While some think this is a rare cancer, mouth cancers will be newly diagnosed in about 132 new individuals each day in the US alone, and a person dies from oral cancer every hour of every day. If you add the sub category of laryngeal throat cancers, the rates of occurrence (about 12,000 additional new cases per year) and death are significantly higher. When found at early stages of development, oral cancers have an 80 to 90 % survival rate. Unfortunately at this time, the majority are found as late stage cancers, and this accounts for the very high death rate of about 43% at five years from diagnosis (for all stages and etiologies combined at time of diagnosis), and high treatment related morbidity in survivors. Late stage diagnosis is not occurring because most of these cancers are hard to discover, (though some like HPV origin disease have unique discovery issues), it is because of a lack of public awareness coupled with the lack of a national program for opportunistic screenings which would yield early discovery by medical and dental professionals. Worldwide the problem is far greater, with new cases annually exceeding 640,000.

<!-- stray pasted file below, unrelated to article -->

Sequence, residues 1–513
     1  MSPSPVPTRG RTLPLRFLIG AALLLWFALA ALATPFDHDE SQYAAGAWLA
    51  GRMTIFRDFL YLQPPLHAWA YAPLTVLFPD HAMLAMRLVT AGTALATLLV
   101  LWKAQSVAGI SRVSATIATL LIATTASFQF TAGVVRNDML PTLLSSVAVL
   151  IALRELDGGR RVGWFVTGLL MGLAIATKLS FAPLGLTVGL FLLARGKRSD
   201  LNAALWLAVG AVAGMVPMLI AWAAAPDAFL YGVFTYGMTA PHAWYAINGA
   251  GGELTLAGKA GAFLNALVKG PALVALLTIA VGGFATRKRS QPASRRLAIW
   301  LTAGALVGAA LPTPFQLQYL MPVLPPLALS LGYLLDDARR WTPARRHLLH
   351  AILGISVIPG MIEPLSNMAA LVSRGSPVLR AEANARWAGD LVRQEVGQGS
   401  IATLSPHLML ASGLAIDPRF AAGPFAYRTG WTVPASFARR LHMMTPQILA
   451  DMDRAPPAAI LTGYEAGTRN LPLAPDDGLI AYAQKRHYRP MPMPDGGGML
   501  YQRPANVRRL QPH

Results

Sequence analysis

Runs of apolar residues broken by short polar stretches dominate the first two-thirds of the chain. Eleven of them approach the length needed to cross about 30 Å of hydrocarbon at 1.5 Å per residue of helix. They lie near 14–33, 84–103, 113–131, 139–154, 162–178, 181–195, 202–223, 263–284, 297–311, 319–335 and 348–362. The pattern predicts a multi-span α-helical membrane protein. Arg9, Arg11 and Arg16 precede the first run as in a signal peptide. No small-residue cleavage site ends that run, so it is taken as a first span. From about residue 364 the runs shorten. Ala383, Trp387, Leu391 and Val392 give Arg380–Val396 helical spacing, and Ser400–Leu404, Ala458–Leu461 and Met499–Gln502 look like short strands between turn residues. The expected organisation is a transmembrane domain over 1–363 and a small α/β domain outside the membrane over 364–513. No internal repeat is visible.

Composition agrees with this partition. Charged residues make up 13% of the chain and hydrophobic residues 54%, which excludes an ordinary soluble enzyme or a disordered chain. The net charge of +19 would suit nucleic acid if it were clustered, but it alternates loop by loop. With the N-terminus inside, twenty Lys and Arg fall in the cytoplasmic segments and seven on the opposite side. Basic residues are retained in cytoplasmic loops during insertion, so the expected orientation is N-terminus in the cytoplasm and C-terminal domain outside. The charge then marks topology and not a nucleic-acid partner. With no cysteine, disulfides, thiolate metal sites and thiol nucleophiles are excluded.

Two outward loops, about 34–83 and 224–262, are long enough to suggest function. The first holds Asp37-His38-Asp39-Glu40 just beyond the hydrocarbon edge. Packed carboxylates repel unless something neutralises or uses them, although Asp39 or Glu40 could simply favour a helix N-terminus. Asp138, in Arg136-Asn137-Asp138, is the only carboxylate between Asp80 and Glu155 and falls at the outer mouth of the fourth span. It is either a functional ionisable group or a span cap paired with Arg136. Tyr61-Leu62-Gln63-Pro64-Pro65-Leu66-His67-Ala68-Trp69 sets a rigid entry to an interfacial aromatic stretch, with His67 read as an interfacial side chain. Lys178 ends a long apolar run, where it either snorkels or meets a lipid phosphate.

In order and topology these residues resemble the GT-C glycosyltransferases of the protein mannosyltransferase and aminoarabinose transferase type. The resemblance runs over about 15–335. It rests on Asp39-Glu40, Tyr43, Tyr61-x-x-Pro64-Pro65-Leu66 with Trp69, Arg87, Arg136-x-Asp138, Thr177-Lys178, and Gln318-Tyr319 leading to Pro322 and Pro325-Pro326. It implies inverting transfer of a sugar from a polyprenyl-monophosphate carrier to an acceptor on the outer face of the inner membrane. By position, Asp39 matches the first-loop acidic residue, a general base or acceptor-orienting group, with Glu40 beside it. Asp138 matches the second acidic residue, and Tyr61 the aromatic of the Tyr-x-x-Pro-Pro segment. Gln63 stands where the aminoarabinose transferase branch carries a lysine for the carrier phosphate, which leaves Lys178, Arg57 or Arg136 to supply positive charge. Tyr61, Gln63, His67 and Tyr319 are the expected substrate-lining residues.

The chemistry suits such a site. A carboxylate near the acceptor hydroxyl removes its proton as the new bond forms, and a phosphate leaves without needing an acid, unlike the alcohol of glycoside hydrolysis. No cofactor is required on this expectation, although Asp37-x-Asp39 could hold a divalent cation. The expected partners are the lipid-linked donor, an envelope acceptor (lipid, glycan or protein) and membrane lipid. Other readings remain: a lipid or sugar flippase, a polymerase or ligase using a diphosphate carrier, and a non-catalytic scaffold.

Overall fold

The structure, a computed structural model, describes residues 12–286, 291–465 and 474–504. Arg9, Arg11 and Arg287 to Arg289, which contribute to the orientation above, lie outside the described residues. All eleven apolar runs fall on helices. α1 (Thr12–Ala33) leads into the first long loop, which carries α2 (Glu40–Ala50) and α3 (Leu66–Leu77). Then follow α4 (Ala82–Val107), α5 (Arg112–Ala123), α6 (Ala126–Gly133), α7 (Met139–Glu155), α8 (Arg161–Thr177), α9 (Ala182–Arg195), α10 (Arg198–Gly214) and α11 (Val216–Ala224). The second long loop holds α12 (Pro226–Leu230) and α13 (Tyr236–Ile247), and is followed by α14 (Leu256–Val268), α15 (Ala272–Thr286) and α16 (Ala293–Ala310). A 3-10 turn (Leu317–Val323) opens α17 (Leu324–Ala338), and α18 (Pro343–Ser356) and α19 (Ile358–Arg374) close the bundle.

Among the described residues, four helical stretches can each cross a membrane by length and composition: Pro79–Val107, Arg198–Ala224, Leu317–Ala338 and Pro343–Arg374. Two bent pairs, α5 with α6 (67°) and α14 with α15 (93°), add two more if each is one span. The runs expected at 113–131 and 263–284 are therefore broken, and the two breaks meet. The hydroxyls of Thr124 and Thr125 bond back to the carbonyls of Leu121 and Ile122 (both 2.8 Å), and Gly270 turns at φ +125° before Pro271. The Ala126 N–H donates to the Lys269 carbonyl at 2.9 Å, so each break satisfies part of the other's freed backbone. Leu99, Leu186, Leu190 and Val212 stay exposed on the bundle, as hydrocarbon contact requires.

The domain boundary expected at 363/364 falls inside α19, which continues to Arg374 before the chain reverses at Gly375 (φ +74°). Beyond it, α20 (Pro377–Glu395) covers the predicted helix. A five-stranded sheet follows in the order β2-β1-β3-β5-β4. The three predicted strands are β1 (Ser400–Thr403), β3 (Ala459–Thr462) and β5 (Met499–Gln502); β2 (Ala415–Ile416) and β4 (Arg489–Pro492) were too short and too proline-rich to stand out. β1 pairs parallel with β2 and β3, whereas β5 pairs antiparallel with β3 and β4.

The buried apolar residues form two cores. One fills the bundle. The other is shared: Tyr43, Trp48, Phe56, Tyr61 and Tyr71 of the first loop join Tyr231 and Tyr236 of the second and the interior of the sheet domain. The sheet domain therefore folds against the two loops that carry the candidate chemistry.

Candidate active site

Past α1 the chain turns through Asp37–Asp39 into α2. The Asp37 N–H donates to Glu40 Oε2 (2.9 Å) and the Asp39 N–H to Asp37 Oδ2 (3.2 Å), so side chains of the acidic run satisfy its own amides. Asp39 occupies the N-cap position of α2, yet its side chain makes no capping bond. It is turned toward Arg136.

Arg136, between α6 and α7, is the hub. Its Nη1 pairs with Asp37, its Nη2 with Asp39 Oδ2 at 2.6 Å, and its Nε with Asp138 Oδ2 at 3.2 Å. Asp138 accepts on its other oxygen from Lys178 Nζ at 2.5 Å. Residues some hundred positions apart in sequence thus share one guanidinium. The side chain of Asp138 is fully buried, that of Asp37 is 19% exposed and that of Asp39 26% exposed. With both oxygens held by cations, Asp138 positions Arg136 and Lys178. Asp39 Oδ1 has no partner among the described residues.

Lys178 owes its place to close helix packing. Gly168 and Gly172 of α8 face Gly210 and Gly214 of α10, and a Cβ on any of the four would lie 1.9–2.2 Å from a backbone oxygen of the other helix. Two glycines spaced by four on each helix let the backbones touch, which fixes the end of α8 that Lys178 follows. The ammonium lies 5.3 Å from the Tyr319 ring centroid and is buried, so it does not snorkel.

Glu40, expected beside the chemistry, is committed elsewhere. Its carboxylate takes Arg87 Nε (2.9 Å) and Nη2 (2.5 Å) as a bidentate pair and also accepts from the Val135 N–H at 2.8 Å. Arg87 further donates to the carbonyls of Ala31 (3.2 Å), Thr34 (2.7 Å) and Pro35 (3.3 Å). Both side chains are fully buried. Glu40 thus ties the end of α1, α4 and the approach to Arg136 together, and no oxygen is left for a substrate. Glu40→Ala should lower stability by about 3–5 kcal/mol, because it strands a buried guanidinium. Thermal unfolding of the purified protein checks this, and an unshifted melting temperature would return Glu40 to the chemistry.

Gardasil and some vaccines in clinical trial are preventative, but drug companies such as MGI Pharma are studying therapeutic vaccines to treat those already infected with the virus. "We need to come up with better vaccines — and we need to study them in men," says Haddad. Gardasil has not been tested against oral HPV, but Dr. Douglas Lowy, laboratory chief at the National Cancer Institute, says that there is every reason to think that, in principle, "the vaccine should be able to have an impact on oral cancers attributable to HPV." Lowy says that the next studies might start with a look at the rate of acquisition of oral HPV in those who are vaccinated and those who aren't.